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Parsing Cisco CEO's Comments for State of Tech Investment

The spotlight has been on Cisco today, as it reported an increase of 79% of net income - but its CEO offered a take on the economy, and its potential impact on tech investment, which investors and observers have taken gloomily.

The spotlight has been on Cisco today, as it reported an increase of 79% of net income - but its CEO offered a take on the economy, and its potential impact on tech investment, which investors and observers have taken gloomily.Specifically, Cisco CEO John Chambers used the phrase "unusual uncertainty" in describing the economic environment.

But according to a Seeking Alpha transcript of the company's earnings call, it seems he didn't mean to instigate a stock sell-off in the tech sector:

So that would be how I'd [answer] your question and not that we are making a call on the economy, the majority of my customers believe the economy, is just going to continue slowly growing up, but very slow and not what they would have said even in three months or four months ago in terms of their expectations and if I'd have told them, I'd say probably the average comes in about at 2% growth for second half of the year. It doesn't mean those customers are right, but it does mean that's what's on their mind in terms of their spending pattern. Did I answer your questions?

We're not making a call on the economy going down, I think that probability is on double-dip or whatever you want to call it are relatively low. We're not making a call in Cisco, other than we think we're very bullish on Cisco and very comfortable with where we are positioned.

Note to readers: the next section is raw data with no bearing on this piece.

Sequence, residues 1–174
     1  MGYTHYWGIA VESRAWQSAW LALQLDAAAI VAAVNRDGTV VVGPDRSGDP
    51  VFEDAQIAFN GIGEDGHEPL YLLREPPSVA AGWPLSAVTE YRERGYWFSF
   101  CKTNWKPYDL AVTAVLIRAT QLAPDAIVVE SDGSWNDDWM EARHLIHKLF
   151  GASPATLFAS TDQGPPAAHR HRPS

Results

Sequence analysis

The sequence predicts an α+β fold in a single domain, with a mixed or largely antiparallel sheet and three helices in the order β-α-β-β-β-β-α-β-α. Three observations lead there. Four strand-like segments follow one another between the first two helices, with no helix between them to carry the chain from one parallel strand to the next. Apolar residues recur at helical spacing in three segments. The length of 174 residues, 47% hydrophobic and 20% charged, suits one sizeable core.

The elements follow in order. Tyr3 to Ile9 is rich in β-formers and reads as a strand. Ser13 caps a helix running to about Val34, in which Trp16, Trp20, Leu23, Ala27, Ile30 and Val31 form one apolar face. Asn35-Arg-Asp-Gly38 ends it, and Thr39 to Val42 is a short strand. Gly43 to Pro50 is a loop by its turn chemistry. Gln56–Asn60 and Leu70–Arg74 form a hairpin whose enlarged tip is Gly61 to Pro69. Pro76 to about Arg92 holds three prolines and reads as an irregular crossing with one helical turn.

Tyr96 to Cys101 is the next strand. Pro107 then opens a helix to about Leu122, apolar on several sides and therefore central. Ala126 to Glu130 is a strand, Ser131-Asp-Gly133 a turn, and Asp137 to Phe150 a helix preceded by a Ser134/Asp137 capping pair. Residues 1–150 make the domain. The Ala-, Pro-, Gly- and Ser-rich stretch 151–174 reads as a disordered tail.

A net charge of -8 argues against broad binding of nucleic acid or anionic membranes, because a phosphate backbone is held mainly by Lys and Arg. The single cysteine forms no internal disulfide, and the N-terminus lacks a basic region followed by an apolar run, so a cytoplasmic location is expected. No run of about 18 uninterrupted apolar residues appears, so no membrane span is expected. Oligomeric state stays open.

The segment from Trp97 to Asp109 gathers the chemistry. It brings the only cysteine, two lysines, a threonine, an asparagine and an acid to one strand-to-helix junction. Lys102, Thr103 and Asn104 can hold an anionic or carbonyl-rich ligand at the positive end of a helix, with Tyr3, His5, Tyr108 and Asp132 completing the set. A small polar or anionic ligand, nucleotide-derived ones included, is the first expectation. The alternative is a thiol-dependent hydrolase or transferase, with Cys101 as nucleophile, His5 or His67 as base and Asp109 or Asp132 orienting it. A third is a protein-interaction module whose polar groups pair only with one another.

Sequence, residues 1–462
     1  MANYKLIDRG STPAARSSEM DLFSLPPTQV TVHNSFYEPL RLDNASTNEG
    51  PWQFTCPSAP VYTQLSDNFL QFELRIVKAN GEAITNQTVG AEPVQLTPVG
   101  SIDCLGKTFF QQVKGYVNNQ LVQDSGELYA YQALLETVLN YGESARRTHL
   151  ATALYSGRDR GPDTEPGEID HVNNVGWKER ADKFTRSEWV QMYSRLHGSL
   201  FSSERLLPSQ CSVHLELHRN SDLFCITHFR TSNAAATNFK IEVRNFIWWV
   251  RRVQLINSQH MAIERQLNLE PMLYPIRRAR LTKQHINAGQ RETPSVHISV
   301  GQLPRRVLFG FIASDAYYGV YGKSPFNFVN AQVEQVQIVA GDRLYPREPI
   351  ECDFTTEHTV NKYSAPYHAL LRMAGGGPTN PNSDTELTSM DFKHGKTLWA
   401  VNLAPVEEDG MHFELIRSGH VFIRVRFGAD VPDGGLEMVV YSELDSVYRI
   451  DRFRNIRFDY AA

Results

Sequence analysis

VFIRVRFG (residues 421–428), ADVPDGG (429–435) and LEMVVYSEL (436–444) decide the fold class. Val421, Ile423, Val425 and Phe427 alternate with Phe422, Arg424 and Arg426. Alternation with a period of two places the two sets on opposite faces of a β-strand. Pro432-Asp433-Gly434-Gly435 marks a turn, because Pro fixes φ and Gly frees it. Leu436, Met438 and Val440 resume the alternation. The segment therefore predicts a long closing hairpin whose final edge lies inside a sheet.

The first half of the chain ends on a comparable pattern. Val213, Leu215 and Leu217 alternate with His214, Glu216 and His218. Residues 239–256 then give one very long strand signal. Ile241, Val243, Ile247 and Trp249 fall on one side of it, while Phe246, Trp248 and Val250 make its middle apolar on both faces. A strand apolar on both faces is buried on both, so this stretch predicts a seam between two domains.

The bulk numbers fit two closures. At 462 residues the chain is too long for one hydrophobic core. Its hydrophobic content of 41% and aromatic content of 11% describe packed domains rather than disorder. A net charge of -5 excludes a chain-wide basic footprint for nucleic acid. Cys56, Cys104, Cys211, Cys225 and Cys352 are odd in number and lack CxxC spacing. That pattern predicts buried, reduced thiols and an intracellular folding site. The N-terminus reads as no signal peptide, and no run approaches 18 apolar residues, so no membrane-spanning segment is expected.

The big question driven by all this is, will companies - including insurers - cut their technology investments in light of troubling economic indicators? Cisco seems to think so in lowering its sales forecasts. I'm inclined to think not, at least in this industry, as nothing in the two months I've been at I&T has led me to believe that insurers would look at a slowdown and invest less in tools to increase efficiency and cut costs over the long term. In the health sector, insurers are even investing to help providers adopt new technologies (see our story about Humana).

I welcome your thoughts in comment or e-mail: ngolia@techweb.com.

Nathan Golia is senior editor of Insurance & Technology. He joined the publication in 2010 as associate editor and covers all aspects of the nexus between insurance and information technology, including mobility, distribution, core systems, customer interaction, and risk ... View Full Bio

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